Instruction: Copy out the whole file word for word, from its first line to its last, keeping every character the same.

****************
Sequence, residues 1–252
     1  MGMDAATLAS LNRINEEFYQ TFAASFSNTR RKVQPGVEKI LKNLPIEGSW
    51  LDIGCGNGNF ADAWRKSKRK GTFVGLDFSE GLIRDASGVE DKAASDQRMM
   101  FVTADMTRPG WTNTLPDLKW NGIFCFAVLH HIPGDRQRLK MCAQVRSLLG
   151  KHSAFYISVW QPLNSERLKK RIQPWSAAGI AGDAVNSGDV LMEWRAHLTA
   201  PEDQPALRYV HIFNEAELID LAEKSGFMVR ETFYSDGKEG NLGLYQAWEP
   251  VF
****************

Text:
Sequence, residues 1–252
     1  MGMDAATLAS LNRINEEFYQ TFAASFSNTR RKVQPGVEKI LKNLPIEGSW
    51  LDIGCGNGNF ADAWRKSKRK GTFVGLDFSE GLIRDASGVE DKAASDQRMM
   101  FVTADMTRPG WTNTLPDLKW NGIFCFAVLH HIPGDRQRLK MCAQVRSLLG
   151  KHSAFYISVW QPLNSERLKK RIQPWSAAGI AGDAVNSGDV LMEWRAHLTA
   201  PEDQPALRYV HIFNEAELID LAEKSGFMVR ETFYSDGKEG NLGLYQAWEP
   251  VF